A few AAT practitioners offer in-person continuing education. Among them: Melissa Winkle teaches AAT workshops internationally, both through AAII and independently. She offers post-professional AAOT clinical rotations as well. Mental health counselor Christi Dudzik also provides AAT training workshops for health-care professionals, including one on incorporating therapy animals into the rehab setting.

AOTA Annual Conference

AOTA’s annual conferences can be a source of education too; they typically have at least a few presentations related to AAT (and the 2016 conference has an entire Institute session devoted to it). The bonus: CEUs aren’t a question, and you can learn about lots of other topics as well.

Finally, remember that, while they may be more likely to earn you CEUs, courses and conferences aren’t the be-all and end-all in AAT education. Additional, excellent resources may come in other forms, like the books Animals in Our Lives: Human-Animal Interaction in Family, Community, and Therapeutic Settings, edited by Peggy McCardle et al., and Handbook on Animal-Assisted Therapy, edited by Aubrey Fine; animal behavior resources, such as Sarah Kalnajs’s video The Language of Dogs; visitations or mentorships with AAT professionals; and even (yes!) observing and interacting with animals.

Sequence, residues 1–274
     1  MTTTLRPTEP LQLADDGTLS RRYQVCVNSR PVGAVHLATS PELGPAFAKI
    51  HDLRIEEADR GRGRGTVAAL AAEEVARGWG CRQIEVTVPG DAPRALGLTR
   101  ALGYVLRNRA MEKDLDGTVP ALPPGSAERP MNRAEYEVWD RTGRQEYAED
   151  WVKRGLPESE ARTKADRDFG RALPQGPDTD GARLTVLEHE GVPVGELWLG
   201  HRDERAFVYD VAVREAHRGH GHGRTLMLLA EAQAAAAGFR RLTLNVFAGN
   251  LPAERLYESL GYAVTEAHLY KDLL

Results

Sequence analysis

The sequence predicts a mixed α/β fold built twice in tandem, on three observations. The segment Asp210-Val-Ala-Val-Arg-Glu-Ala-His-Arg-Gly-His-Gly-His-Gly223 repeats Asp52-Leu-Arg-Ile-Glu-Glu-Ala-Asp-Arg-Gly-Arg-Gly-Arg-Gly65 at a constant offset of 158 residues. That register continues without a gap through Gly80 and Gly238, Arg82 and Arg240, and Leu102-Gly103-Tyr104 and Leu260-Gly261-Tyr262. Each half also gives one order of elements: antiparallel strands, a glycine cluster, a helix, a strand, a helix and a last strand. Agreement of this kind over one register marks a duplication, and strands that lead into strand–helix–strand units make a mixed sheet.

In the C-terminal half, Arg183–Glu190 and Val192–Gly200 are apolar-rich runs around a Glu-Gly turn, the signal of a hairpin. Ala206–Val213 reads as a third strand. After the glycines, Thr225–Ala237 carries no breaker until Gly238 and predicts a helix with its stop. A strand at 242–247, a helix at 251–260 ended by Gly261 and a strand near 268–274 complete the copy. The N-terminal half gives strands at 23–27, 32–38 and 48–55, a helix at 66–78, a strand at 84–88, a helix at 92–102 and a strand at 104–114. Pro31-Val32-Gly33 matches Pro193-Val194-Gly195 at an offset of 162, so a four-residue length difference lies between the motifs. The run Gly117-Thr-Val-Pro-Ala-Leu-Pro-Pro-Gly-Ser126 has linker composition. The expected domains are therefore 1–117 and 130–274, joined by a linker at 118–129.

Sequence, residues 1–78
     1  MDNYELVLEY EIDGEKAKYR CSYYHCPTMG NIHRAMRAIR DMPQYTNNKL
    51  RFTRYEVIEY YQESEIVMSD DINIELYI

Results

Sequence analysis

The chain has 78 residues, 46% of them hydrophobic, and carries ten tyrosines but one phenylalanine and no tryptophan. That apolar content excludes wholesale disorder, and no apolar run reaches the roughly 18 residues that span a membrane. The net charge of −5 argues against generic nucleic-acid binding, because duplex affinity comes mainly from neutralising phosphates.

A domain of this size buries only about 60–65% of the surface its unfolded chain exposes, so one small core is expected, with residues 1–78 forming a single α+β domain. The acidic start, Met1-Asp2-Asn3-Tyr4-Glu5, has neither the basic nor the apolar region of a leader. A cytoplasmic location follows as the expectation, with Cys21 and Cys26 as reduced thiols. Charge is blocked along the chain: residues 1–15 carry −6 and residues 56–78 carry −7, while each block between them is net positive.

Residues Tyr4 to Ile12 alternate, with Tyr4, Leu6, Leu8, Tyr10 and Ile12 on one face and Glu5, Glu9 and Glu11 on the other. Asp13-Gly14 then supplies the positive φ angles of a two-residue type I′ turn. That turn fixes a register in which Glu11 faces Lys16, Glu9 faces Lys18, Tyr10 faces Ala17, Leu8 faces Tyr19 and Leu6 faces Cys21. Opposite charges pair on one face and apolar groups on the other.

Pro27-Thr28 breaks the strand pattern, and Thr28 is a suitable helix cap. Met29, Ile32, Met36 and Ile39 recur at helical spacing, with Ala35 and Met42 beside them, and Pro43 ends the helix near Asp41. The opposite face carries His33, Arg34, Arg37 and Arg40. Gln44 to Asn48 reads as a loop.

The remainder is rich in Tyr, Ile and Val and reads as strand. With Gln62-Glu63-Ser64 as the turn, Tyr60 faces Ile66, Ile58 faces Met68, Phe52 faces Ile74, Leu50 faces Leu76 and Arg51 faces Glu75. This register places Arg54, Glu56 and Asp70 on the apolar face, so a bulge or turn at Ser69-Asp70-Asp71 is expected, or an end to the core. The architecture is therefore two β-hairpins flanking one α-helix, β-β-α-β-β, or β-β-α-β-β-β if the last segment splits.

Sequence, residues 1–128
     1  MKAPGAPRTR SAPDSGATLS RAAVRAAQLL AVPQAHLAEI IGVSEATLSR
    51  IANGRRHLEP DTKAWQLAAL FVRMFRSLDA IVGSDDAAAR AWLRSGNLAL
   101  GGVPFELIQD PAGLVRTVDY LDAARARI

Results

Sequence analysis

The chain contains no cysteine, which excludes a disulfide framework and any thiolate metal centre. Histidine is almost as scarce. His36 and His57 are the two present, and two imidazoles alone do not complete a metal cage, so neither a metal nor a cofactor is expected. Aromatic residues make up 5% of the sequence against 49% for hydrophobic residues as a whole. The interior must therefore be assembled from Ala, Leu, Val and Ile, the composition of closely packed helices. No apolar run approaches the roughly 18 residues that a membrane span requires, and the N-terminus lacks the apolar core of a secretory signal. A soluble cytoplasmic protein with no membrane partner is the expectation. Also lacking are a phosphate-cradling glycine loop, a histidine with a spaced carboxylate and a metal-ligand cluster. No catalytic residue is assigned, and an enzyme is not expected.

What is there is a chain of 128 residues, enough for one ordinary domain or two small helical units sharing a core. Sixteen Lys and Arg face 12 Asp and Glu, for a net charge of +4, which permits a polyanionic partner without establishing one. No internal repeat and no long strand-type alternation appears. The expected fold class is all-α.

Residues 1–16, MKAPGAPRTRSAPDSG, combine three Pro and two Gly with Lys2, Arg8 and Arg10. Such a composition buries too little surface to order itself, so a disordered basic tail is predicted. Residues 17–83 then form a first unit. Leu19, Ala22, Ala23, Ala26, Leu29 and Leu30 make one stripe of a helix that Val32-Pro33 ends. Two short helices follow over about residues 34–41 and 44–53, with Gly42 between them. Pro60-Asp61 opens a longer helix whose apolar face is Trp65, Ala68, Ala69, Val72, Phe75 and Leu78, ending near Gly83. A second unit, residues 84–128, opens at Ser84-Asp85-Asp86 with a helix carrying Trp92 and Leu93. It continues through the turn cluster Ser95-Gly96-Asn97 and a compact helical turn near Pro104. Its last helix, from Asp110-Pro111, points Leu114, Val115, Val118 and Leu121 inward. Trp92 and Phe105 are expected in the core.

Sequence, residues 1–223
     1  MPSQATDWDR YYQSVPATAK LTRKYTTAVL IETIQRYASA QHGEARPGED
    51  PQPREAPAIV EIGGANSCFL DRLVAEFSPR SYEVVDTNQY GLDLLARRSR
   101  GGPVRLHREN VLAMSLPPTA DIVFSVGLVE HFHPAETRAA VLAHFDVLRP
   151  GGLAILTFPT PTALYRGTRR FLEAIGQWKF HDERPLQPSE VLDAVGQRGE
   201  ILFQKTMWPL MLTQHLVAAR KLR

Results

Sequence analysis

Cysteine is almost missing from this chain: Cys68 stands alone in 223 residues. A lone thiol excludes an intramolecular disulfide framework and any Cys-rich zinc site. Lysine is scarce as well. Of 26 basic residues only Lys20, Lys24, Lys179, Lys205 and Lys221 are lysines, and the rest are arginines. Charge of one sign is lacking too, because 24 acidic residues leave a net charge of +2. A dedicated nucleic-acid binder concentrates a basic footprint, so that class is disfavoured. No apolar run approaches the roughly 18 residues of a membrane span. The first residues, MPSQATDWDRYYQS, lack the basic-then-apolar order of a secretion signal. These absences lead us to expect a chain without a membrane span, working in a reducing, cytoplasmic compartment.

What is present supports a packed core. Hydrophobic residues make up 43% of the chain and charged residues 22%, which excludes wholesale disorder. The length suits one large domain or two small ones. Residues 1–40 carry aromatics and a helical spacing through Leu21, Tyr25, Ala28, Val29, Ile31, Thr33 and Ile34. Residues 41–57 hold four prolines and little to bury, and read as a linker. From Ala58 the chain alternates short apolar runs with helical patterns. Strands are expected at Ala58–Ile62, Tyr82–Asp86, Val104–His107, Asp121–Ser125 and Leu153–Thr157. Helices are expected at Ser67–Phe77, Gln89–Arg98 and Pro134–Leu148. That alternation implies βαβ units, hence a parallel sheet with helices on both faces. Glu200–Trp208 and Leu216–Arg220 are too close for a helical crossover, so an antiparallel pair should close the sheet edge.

Want more info on animals in OT? See part I of this series, which focuses on practice resources, and part III, which delves into research.

About Diana Varvara and Jennie Dapice Feinstein

Diana Varvara And Jennie Dapice Feinstein
Diana Varvara, OTR/L, edits and writes on multiple subjects, including OT and dogs. She completed clinical fieldwork in animal-assisted OT at Dogwood Therapy Services in Albuquerque, holds a certificate in AAT from Harcum College, and contributed to the book Professional Applications of Animal Assisted Interventions. -------------------------------------------------------------------------------------------------------------------  Jennie Dapice Feinstein, PhD, OTR/L, has alternately researched HAI and practiced AAT, including school-based AAT-OT and hippotherapy, over the past 15 years. She recently concluded her doctoral research in OT/HAI at Virginia Commonwealth University. She currently serves as an ambassador to Tufts University’s Institute for Human-Animal Interaction, and cares for retired facility dog Norm.